Buying SWW Records & Early Internet

In the 1980s before the internet came along, buying Showaddywaddy records was an interesting challenge, then the Internet came along and it all changed.

In 1983 I was 5 years old - my Mum bought a Showaddywaddy cassette tape from a record shop in Bradford called Bostocks. I’ve no idea why she bought the tape, as she wasn’t really a fan of Showaddywaddy, but recalled being entertained by them on Top Of The Pops and other TV shows.

The cassette was a compilation on the Pickwick label, and the first track on the cassette was Pretty Little Angel Eyes. In those days my Mum didn’t drive, but I remember being in the car with my Dad (an Austin Mini), and him playing the cassette. As soon as I heard the first song, I was hooked straight away. I particularly remember Somethin’ Else, Hey Rock And Roll being on the cassette too.

As I got older and started earning pocket money, all I wanted to buy was Showaddywaddy records. I soon discovered that my friend’s Mums & Dads on the street had Showaddywaddy LPs too, and often they said I could have them. I even used to hire LPs from Bradford Central Library!

Below: I still own the cassette purchased by my Mum, the tape that got me into the band in 1983.

I soon amassed a reasonable collection but some were harder to get hold of than others….

The ‘Showaddywaddy’ debut LP yellow album and red Greatest Hits albums - given by friends parents.
Step Two and the blue Greatest Hits LP - found in a secondhand shop.
Trocadero, Red Star and Good Times - bought at Record Fairs.
Crepes & Drapes - bought with pocket money from Morrisons, when they used to have their own Records department.
Bright Lights - went on a day trip to Bridlington aged 10 or 11, and found in a second hand shop.
Living Legends - purchased in the very early days of the internet (1998) using postal orders! I remember this one as the description said “Mint” but the record was scratched and the spine of the LP torn!

When I got connected to the web in 1998, I found it was relatively easy to get hold of Showaddywaddy records from abroad, and also that they had different picture sleeves from different countries - so it wasn’t long before I built up a large collection of Showaddywaddy vinyl. I wasn’t alone though - I remember getting up at 5.00am one day to bid on a Portugese release of Sweet Music on eBay and bidding £90 but still getting outbid! I don’t have that sort of money to throw around anymore!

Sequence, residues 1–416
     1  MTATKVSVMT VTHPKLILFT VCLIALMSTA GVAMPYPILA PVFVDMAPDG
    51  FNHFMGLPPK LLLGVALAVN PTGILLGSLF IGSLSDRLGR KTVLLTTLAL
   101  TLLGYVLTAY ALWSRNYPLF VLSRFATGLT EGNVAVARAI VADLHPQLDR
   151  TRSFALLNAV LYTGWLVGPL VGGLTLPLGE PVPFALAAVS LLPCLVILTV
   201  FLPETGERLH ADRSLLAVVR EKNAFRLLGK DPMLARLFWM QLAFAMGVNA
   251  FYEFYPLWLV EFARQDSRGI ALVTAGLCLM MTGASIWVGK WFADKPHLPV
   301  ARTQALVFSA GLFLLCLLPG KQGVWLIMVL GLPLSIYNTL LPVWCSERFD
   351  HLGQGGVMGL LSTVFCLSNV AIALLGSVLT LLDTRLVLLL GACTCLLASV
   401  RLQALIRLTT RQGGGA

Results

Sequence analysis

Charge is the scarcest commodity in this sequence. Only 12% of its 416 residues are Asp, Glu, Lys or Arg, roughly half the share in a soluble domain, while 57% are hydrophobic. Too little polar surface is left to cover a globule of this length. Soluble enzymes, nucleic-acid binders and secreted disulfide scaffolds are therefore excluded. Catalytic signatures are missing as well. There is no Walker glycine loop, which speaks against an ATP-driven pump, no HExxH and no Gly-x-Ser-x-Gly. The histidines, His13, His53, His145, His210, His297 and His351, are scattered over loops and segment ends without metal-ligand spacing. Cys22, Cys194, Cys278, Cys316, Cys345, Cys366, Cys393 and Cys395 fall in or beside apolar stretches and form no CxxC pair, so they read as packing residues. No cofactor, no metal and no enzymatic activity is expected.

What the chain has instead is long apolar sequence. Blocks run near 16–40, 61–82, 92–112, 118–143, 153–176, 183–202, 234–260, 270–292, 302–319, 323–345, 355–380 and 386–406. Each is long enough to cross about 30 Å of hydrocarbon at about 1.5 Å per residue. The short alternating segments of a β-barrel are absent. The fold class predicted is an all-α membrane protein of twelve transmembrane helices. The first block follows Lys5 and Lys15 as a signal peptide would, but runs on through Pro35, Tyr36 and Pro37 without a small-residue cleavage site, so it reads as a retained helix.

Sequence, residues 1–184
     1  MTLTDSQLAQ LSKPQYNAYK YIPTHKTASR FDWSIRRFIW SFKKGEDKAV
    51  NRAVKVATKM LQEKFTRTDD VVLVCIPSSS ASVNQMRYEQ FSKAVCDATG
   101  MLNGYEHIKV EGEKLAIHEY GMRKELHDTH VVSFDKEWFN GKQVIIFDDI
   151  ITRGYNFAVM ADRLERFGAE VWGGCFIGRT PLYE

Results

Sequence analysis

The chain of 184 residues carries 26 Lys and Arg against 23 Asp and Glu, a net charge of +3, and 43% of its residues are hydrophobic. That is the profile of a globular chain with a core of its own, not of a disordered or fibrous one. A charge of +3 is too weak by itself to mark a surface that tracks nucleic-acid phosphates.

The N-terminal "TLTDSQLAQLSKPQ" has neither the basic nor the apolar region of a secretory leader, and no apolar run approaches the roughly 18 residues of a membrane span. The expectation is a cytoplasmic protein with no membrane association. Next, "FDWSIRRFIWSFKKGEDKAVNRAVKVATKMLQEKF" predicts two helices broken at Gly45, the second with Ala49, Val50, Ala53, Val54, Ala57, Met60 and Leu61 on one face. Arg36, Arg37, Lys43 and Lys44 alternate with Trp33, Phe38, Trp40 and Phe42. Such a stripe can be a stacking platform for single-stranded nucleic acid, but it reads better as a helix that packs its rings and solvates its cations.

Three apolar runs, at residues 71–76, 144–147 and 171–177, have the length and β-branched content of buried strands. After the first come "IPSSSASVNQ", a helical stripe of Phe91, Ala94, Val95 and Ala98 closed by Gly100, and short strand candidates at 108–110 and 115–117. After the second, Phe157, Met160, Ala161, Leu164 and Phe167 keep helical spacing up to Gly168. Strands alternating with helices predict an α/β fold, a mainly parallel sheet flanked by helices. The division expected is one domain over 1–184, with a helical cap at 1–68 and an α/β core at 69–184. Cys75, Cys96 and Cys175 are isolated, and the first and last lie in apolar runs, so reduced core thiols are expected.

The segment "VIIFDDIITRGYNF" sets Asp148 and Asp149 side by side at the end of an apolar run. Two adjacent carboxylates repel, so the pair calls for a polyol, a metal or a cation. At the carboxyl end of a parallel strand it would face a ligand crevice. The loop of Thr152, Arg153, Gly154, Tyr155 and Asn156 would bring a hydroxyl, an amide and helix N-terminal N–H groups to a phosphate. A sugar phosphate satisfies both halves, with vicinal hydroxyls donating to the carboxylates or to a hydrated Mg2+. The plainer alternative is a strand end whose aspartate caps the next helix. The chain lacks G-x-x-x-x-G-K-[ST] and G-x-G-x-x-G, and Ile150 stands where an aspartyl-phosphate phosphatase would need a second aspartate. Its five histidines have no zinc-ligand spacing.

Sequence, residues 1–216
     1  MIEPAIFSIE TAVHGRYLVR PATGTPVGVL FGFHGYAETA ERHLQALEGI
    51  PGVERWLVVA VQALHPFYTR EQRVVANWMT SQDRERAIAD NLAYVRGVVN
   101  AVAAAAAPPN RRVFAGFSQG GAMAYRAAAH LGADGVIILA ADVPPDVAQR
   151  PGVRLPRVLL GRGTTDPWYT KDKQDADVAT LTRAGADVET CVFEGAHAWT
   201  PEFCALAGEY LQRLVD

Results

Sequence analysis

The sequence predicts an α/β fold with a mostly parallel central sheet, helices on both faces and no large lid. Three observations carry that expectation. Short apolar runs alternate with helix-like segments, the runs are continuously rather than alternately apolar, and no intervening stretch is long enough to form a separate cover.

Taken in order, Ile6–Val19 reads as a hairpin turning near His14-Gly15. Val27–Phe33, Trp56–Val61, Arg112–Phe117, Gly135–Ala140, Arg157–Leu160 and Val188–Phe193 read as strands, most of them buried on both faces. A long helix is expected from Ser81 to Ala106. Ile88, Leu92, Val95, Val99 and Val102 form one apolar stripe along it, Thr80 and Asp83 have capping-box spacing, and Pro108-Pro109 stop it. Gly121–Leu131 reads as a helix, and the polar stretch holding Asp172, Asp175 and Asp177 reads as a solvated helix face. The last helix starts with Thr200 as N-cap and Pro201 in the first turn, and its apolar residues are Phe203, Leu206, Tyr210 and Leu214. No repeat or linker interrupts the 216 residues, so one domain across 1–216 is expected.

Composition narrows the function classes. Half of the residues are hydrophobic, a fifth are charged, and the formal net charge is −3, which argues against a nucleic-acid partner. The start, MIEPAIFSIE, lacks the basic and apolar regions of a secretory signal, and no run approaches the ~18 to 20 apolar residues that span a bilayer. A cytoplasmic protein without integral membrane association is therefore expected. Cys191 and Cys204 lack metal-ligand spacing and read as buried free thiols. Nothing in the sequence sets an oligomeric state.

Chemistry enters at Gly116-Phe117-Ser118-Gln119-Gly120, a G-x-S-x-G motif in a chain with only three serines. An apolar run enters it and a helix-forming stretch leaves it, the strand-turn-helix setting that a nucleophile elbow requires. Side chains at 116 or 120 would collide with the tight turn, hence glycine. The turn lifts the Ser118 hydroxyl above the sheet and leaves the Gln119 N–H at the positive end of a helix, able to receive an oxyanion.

UK single releases were not without interest - even though they often came without picture sleeves, the labels were often different (paper label, pressed labels etc), and of course I had to collect them all, often to hear the B-sides which were not always available on the band’s LPs.

In recent years, getting hold of what you might call ‘rare’ Showaddywaddy material has been easier. The likes of Good Times and Living Legends were re-released on CD for the very first time, which was great for many fans as the original vinyl was (and still is!) very hard to get hold of. And of course last year, we had ‘The Complete Studio Recordings’ box set released, which not only contained all of the original LPs in mini replica sleeves, but unreleased material from the vaults and the band’s own archives. After 40 years, of Showaddywaddy, and many years of collecting Showaddywaddy records, the ultimate item was been released.

During the late ‘80s and early ‘90s, I’d been to see the band on a number of occasions, but I was never really sure that there were that many ‘diehard’ fans out there. The gigs were always sold out, but I always had it in my mind as to how many people at gigs were really into the band, or had just gone along for a night out. I went to see the band at Batley Variety Club in 1997, and the purchase of a ticket meant you were allocated a table as it was a traditional cabaret club venue. I took my then-girlfriend to the gig, and by complete chance I was sat on the same table as SWW fan Chris Dabbs who I got talking to, and formed a friendship which we still have today, and of course Chris now looks after the OfficialShowaddywady Facebook group.

In 1998 I got connected to the Internet - the web was very primitive in those days. There was no Google, and the search engine of choice was Altavista. I searched for Showaddywaddy, and no web-site existed. I had a book called ‘Introducing the Internet’ and the appendix gave some basic instructions on how to write web pages using HTML. I gave it a go and had soon knocked up a basic Showaddywaddy web-page and managed to get it online. Unbelievably emails started coming in regularly and I remember my first ever email from abroad (Torsten Pohl from Germany) - and replying to the email and getting a reply 5 minutes later….. from Germany! Exciting stuff to get a reply so quickly from hundreds of miles away. People think nothing of it now, but it was a great new thing at the time.

A year or so later, the web-site was discovered by Dave Bartram who gave his approval for it, and started sending gig dates to put online. The site was soon made into the band’s ‘official’ web-site and from what started off as a bit of something to do has eventually turned into what it is today. 16 years online, which is longer than the original line-up was intact. In that time I’ve got to know all the band members, old and new, and the fact I can count many of the guys as pals now is great for me having being a fan for over 30 years. I can honestly say every single one of the guys are great blokes all round decent chaps.
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